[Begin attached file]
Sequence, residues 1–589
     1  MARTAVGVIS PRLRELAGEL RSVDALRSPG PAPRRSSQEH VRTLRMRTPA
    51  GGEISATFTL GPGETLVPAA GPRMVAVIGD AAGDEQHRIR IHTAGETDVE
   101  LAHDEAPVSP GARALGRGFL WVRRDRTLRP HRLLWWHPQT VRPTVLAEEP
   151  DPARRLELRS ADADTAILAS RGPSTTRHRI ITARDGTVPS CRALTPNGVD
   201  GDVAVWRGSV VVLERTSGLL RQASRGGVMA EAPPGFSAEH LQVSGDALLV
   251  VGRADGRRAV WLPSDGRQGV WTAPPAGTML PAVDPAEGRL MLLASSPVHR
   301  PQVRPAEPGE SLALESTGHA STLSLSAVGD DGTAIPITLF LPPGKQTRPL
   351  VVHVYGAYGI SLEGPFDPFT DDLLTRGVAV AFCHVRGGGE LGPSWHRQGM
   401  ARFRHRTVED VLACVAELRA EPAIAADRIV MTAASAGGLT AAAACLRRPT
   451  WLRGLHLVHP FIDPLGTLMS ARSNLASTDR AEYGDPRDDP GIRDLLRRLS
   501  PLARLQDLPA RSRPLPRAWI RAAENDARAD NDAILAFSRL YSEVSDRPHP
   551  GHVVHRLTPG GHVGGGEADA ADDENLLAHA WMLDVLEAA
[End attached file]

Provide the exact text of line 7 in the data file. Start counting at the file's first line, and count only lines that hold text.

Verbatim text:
   251  VGRADGRRAV WLPSDGRQGV WTAPPAGTML PAVDPAEGRL MLLASSPVHR